And this is especially true for a lot of budding sites that don’t have the audience to support them via crowdfunding but also don’t have the leverage to ask for investments – so unless they get really REALLY lucky in EITHER of those departments, they’re gonna be operating at a loss, and even once they do achieve either of those things there are gonna be issues in the site’s longevity, whether it be dying from lack of growing crowdfunding support or dying from shareholder meddling.

So what can we do?

We can learn how to take our independence back. We don’t have to stop using these big platforms altogether as they do have things to offer in their own way, particularly their large audience sizes and dipping into other demographics that might not be reachable from certain sites – but we gotta learn that no single site is going to satisfy every wish we have and we have to be willing to learn the skills necessary to running our own spaces again. Pick up HTML/CSS, get to know other people who know HTML/CSS if you can’t grasp it (it’s me, I can’t grasp it LOL), be willing to take a chance on those “smaller sites” and don’t write them off entirely as spaces that can be beneficial to you just because they don’t have large numbers or because they don’t offer rewards programs. And if you have a really polished piece of work in your hands, look into agencies and publishing houses that specialize in indie comics / graphic novels, don’t settle for the first Originals contract that gets sent your way.

For the last decade corporations have been convincing us that our worth is tied to the eyes we can bring to them. Instead of serving ourselves, we’ve begun serving the big guys, insisting that it has to be worth something eventually and that it’ll “payoff” simply by the virtue of gambler’s fallacy. Ask yourself what site is right for you and your work rather than asking yourself if your work is good enough for them. Most of us are broke trying to make it work on these sites anyways, may as well be broke and fulfilled by posting in places that actually suit us and our work if we can. Don’t define your success by what sites like Webtoons are enforcing – that definition only benefits them, not you.

I’m absolutely on board with learning some self-reliance in the webcomics arena. Remember when Tapas included a grab for the right of first refusal in their general terms of service? Yeah. I’m 100% on with you on trying to manage your stuff yourself.


@nattosoup, @respheal and I wrote an blog post about this years ago, when Project Wonderful still existed. It has been a long time, and the landscape has changed, so please bear with me as I provide some updated information.

(See also: the archive of the FreeJeeves page. There’s a wealth of information here, including some ways to make your comic website more mobile friendly.)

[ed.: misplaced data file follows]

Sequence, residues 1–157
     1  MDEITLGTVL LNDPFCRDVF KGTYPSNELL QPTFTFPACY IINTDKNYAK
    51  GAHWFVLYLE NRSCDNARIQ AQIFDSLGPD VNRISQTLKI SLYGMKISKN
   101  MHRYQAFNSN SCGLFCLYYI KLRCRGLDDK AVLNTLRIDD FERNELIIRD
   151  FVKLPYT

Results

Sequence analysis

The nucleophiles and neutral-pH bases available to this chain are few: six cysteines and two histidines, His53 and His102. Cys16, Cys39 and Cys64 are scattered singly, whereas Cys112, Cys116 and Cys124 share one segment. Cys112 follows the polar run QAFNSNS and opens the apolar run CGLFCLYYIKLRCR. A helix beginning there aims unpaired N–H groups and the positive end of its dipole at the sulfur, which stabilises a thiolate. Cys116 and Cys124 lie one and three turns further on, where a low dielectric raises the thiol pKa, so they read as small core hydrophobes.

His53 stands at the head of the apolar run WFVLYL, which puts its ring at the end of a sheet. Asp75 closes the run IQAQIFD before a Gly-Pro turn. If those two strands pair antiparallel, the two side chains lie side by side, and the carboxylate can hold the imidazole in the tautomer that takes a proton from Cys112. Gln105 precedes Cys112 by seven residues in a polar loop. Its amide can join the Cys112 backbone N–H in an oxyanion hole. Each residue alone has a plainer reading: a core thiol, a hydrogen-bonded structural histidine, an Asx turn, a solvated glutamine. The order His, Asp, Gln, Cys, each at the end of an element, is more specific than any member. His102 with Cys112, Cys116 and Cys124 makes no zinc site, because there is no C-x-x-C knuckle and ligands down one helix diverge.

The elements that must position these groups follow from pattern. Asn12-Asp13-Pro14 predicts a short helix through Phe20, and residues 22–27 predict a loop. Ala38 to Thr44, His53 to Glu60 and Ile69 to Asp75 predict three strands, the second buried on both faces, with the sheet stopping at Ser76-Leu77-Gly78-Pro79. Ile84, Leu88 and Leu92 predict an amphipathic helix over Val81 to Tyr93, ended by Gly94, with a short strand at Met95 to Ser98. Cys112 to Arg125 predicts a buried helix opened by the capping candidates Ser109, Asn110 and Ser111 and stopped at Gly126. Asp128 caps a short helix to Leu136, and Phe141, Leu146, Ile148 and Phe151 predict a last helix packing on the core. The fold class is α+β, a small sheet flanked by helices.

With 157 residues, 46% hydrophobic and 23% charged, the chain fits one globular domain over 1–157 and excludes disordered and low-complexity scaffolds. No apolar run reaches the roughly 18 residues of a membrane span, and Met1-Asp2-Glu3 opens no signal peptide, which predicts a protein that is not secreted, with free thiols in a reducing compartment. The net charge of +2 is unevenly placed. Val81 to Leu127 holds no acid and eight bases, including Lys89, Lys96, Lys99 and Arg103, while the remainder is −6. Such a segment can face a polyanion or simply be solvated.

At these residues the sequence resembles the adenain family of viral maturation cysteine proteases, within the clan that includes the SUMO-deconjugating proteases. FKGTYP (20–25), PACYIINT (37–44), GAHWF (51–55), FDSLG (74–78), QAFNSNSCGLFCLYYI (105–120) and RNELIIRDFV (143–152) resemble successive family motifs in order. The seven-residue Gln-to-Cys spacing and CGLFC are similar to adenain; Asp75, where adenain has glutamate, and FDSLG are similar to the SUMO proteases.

Please visit these resources and see if any appeal to you. They’re a mix of materials that are like textbooks, as well as free courses. Some links may require signing up.

I am not affiliated with any of these websites.

1. Learn HTML + CSS

HTML and CSS are the foundation of every page. You don’t need internet access to build an HTML page – you can do it all from your computer at home. But you do need some basic knowledge to get started. If you can format a tumblr post or ever feel adventurous enough to poke at tumblr’s themes, you can learn HTML.

Once you learn how to build your website, and have a place you want to upload it? You might want to learn about FTP, which is the file transfer protocol. This lets you upload files to your webhost.
If you need an FTP client, Filezilla is absolutely free and works Windows, Mac, and Debian flavors of Linux.
(important note: Download the Filezilla client. Don’t download Filezilla server unless you know what you’re doing.)

2. Where to Post your Webcomic

Here, I’m focusing on places that let you customize your layout and allow for some freedom.

In that old blog post, I mention different types of hosting. We’re going to focus on “shared” hosting, which is usually fairly inexpensive on a month-to-month basis and requires almost no knowledge of the server. For a webcomic, you do not need to use AWS, buy a VPS, or rent a dedicated server. That’ll be overkill for most folks. If you’re at that level, you should know what you’re doing.

2.1 Existing Services

Existing services can change their rules or go offline at any time with no notice to the user. Please keep this in mind.

2.2 Self-Hosting with a Content Management System (CMS)

I cannot recommend any webhosts right now, but I can recommend software you can use for posting webcomics, if you feel like getting into the weeds way more than basic HTML/CSS will allow.

These will require the ability to read documentation and follow instructions, as well as basic knowledge in how to upload/edit files using FTP. Your webhost will have documentation if you need access to it.

At the end of the day, a webcomic is basically a blog, so most blogging software can be modified to make it work for this purpose.